Metronidazole improves intestinal microcirculation in septic rats independently of bacterial burden.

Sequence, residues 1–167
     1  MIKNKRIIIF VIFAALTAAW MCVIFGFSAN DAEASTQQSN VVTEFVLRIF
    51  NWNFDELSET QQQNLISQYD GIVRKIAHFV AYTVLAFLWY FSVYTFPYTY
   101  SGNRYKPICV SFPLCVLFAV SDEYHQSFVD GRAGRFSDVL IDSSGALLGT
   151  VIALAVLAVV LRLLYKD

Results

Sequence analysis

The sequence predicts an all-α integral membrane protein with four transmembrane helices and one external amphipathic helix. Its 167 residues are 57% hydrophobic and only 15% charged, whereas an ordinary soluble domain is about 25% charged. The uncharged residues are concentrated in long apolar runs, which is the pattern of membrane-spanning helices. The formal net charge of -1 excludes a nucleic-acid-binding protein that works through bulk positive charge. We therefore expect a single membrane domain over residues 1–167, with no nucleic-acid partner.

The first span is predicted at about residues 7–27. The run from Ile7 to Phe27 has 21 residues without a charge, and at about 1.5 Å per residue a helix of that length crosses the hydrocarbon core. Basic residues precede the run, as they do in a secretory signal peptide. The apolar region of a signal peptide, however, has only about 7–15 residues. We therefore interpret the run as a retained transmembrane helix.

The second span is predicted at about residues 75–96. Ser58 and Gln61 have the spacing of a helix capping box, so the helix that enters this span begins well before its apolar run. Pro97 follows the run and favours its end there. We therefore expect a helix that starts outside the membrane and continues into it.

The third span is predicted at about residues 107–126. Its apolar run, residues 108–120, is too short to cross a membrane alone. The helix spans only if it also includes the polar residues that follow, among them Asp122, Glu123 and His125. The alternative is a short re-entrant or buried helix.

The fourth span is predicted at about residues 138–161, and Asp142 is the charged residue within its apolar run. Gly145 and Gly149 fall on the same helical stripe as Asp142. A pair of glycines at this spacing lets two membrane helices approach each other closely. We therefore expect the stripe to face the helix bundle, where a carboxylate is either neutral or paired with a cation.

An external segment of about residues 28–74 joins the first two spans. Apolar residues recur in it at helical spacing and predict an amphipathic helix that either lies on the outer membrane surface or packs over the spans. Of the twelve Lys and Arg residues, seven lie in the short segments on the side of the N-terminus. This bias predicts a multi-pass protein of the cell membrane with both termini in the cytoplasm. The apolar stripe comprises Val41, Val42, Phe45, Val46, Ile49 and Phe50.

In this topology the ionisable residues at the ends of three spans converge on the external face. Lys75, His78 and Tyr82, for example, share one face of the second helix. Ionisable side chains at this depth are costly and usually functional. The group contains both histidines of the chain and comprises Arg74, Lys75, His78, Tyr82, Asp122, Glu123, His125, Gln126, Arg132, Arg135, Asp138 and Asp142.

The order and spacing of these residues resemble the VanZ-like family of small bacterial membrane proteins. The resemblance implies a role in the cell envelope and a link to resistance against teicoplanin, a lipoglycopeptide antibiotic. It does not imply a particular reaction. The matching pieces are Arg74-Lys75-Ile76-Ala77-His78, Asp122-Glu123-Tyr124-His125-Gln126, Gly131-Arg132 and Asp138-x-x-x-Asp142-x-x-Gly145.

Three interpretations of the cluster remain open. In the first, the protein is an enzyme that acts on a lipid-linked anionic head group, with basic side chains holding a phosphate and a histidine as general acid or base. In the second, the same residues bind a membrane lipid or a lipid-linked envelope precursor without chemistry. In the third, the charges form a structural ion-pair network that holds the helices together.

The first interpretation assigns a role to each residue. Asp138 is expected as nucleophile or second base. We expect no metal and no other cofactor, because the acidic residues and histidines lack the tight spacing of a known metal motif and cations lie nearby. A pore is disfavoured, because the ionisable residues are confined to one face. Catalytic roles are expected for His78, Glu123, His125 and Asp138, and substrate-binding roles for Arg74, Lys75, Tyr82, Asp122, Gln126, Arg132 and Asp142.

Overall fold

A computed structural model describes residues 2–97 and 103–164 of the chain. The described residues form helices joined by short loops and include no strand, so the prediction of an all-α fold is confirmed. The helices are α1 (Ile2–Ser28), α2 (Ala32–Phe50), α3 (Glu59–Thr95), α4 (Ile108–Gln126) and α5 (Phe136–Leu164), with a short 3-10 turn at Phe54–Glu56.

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To explore the effects of metronidazole (Me) on intestinal microcirculation in septic rats, intravital microscopy (IVM) following 16 hours of colon ascendens stent peritonitis (CASP model) was used. Four groups of animals were studied: control group (sham operation) and CASP group, each with and without Me treatment (10 mg/kg i.v.). In order to investigate the substance-specific effects of Me independently of the antibacterial effects within a pathologically altered microcirculation, a second experimental series with lipopolysaccharide challenge (LPS model) was carried out. The LPS model consisted of the four groups (control animals and LPS animals (15 mg/kg i.v. LPS from E. coli) with and without Me). IVM in the LPS experiments was performed following a two hour observation period. Me treated CASP or LPS animals, as compared with untreated, demonstrated significant improvement of functional capillary density (FCD) of the intestinal wall. The increase in the number of leukocytes firmly adhered to the endothelium (leukocyte sticking) in the untreated CASP or LPS animals within the V1 venules of the intestinal submucosal layer, was significantly reduced in the Me treated animals. In conclusion, Me exerts beneficial anti-bacterial and anti-inflammatory effects within the septic microcirculation.
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